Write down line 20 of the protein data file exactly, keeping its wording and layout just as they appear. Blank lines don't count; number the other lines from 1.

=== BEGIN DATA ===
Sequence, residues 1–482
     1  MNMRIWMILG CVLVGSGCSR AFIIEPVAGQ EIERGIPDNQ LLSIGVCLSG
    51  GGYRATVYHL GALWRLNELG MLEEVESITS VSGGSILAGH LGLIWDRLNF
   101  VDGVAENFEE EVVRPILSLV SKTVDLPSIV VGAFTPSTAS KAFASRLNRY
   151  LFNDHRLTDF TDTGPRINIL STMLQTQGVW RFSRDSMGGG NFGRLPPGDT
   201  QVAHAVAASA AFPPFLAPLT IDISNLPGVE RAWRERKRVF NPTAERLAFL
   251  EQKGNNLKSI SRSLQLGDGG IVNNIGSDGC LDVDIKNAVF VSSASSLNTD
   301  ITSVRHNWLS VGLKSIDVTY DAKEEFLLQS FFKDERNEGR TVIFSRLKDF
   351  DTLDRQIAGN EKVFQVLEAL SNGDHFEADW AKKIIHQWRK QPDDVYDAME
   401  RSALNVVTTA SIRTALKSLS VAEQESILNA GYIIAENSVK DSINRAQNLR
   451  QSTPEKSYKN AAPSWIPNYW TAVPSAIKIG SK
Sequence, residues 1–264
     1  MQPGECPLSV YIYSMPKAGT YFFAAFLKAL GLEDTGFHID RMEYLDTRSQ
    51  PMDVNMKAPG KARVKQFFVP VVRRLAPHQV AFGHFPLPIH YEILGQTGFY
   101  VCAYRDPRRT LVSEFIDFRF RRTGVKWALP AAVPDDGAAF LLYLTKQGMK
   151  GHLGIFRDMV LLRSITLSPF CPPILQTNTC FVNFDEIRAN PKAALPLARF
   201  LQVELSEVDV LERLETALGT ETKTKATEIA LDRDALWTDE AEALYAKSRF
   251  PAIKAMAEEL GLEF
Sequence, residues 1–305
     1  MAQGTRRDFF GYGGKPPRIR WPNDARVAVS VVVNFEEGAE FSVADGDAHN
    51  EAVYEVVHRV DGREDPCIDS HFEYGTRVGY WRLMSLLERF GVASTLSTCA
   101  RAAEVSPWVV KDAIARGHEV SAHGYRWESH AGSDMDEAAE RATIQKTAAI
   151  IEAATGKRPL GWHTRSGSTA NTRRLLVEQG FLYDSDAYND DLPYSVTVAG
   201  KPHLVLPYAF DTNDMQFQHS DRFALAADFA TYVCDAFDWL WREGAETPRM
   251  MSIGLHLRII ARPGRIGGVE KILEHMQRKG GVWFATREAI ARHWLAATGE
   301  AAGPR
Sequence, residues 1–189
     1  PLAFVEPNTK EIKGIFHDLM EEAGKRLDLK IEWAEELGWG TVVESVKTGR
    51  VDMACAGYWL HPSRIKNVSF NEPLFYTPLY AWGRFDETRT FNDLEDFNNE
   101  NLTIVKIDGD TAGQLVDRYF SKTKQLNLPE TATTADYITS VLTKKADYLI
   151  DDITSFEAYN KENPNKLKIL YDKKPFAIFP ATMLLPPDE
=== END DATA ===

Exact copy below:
     1  MAQGTRRDFF GYGGKPPRIR WPNDARVAVS VVVNFEEGAE FSVADGDAHN